Taking Pride


Next Wednesday Americans may find themselves surprised by their own sentiments. Many will wake up to the very feelings that sparked controversy early in the excruciatingly tense presidential campaign when Michelle Obama said, "For the first time in my adult life I am proud of my country."

Mrs. Obama wasn't alive when John Kennedy inspired Americans by proclaiming, "the torch has been passed to a new generation." She wasn't among television viewers who watched with pride as Neil Armstrong planted an American flag on the moon, taking "one giant leap for mankind." She didn't hear Dr. Martin Luther King Jr. tell dedicated followers, "I have a dream..."

For many of us who lived through those historic events it is fair to say that American pride never again reached such heights. The tragic events of 9/11 provided a chance; pride swelled briefly as the nation rallied and sought to regroup. But the opportunity to chart a new course after 9/11 was squandered when America's patriotism became entangled in its xenophobia.

In recent years, pride has been gradually co-opted by those who believe it is un-American to seek a better nation. Pride in a flag pin has become more important than the passion that beats in the heart beneath it. Pride in our military has mistakenly been defined as unequivocal support for misguided missions. Pride in our economic strength has too often come at the expense of the hungry, the sick, and the poor.

Blind pride is false.

America needs a new economic strategy, a more reasonable military posture, and immediate action to correct energy policies. But more than anything, America needs inspiration.

One source of inspiration was hushed during the presidential campaign because voters and candidates were reluctant to acknowledge the issue of race — not as a negative, but as a remarkably positive step in the nation's maturation. After all, if Barack Obama wins, his August birth date will someday become a national holiday; his picture will grace our currency; schools will be named in his honor. He may turn out to be a great leader, but his legacy will be as the first African American president. And for everyone alive today that should be a source of overwhelming pride.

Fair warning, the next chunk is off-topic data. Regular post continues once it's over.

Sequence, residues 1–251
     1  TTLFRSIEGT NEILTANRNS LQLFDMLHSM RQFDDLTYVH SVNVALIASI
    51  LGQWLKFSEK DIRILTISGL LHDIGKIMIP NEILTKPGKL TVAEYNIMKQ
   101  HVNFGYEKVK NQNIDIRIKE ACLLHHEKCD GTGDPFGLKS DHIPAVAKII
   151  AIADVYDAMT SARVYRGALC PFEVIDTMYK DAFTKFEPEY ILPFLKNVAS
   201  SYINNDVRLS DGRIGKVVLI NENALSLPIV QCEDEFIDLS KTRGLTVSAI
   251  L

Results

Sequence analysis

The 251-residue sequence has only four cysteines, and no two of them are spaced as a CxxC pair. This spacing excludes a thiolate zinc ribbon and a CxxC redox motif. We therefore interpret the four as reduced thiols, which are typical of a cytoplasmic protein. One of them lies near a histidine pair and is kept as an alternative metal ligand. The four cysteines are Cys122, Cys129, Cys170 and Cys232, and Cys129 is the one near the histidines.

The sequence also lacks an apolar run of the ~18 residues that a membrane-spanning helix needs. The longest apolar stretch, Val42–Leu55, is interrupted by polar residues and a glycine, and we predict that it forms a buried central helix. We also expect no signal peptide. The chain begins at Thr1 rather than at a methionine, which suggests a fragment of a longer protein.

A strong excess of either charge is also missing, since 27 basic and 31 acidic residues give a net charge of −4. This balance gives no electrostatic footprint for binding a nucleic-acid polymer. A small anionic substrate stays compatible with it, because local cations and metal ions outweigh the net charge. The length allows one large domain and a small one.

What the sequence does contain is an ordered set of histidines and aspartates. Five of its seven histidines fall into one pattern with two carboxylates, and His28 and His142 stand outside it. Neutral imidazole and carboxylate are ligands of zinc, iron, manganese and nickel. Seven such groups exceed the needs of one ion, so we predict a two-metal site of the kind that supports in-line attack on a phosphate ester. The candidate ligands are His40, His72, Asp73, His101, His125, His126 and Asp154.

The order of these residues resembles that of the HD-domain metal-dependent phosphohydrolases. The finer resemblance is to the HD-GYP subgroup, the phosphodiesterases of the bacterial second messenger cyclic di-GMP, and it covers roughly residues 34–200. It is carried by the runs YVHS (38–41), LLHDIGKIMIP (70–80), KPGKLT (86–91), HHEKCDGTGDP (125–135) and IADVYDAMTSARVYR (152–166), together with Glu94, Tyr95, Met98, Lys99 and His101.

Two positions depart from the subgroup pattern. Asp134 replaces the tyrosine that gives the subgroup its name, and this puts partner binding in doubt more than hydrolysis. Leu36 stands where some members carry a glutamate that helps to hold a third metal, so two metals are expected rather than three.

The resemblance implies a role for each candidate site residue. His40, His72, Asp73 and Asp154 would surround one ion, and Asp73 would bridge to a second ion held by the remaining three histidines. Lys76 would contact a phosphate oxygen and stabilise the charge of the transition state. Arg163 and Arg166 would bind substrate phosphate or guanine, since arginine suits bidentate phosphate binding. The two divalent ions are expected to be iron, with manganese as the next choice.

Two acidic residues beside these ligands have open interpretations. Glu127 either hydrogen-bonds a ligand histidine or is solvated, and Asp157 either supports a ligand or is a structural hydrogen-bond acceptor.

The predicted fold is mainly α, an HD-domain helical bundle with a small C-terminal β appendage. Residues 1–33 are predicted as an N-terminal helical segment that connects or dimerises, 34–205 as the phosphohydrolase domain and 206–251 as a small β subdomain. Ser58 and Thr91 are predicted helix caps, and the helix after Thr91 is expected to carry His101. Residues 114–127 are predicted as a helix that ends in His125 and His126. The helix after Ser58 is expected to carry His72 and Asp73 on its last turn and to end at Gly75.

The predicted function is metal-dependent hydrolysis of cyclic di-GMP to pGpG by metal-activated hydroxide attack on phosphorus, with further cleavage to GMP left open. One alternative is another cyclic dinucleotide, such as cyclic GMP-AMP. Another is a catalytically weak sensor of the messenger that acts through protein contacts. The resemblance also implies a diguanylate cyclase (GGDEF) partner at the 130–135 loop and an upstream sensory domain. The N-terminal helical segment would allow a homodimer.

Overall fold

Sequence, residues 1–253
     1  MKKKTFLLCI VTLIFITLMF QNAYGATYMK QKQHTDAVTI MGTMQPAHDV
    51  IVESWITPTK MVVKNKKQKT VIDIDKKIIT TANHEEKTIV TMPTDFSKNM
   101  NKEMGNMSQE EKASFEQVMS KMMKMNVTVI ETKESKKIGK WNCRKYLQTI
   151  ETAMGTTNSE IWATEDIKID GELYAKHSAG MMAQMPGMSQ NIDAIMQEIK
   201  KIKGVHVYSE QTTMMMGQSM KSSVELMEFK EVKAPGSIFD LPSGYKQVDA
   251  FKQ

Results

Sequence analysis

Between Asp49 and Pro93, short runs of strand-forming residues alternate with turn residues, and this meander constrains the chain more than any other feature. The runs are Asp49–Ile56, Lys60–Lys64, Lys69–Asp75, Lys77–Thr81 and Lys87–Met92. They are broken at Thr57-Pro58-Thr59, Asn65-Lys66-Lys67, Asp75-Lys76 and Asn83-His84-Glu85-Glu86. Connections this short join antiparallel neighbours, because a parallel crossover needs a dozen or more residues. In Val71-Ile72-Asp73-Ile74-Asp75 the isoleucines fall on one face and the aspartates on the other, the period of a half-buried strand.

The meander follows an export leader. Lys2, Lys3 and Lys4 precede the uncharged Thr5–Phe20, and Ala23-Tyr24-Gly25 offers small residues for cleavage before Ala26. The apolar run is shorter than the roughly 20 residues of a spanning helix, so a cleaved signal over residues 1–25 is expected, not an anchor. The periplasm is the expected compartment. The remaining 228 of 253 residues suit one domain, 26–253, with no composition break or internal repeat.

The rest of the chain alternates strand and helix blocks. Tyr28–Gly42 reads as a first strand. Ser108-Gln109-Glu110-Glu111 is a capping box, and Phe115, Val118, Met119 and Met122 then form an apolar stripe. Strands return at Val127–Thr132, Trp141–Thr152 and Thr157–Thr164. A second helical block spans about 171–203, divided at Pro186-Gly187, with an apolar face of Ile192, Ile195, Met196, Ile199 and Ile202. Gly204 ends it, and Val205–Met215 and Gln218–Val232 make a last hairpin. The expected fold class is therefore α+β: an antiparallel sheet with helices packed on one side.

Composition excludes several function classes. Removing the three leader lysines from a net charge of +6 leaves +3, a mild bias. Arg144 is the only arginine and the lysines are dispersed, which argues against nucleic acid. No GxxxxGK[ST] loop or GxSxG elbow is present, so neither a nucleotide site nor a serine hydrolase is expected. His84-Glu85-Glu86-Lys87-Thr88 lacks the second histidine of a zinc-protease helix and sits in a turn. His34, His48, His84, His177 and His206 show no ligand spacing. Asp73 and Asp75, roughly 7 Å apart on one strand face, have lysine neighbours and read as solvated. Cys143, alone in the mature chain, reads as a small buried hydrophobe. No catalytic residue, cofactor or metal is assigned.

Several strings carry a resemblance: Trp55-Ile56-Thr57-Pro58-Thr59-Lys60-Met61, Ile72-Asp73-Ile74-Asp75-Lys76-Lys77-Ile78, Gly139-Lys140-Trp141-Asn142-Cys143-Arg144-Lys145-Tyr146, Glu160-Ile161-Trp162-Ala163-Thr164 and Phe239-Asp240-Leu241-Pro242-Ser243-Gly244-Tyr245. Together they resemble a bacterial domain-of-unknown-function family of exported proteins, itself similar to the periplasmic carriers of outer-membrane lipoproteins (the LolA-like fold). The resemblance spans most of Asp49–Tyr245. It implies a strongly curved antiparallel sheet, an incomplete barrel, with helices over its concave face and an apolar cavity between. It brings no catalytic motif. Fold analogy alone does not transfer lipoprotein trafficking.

Then there is Obama's charisma, reassuring smile, and eloquence. When future generations read about an Obama Presidency they will focus on how these factors inspired Americans to heal themselves. A nation with renewed pride will discover that no challenge is too great. Other nations will look more favorably on a reawakened America.

We are at the starting point for the work of a new generation. No candidate or cause since JFK has inspired America's high school and college students the way Obama's campaign has. This generation has been in a deep sleep of self-absorption, seemingly unaware of what it even means to have real pride in America.

Michelle Obama's emotions last winter were similar to those of Caroline Kennedy, who wrote: "I have never had a president who inspired me the way people tell me that my father inspired them. But for the first time, I believe I have found the man who could be that president — not just for me, but for a new generation of Americans."

Those who recall the magic of the Kennedy years thirst not so much for its policy as for its purpose. Like Obama, Kennedy campaigned for "change" — a change in the nation’s collective spirit.

As the election nears, America's rediscovered pride is already showing.

© Peter Funt. This column first appeared in The Monterey Herald.

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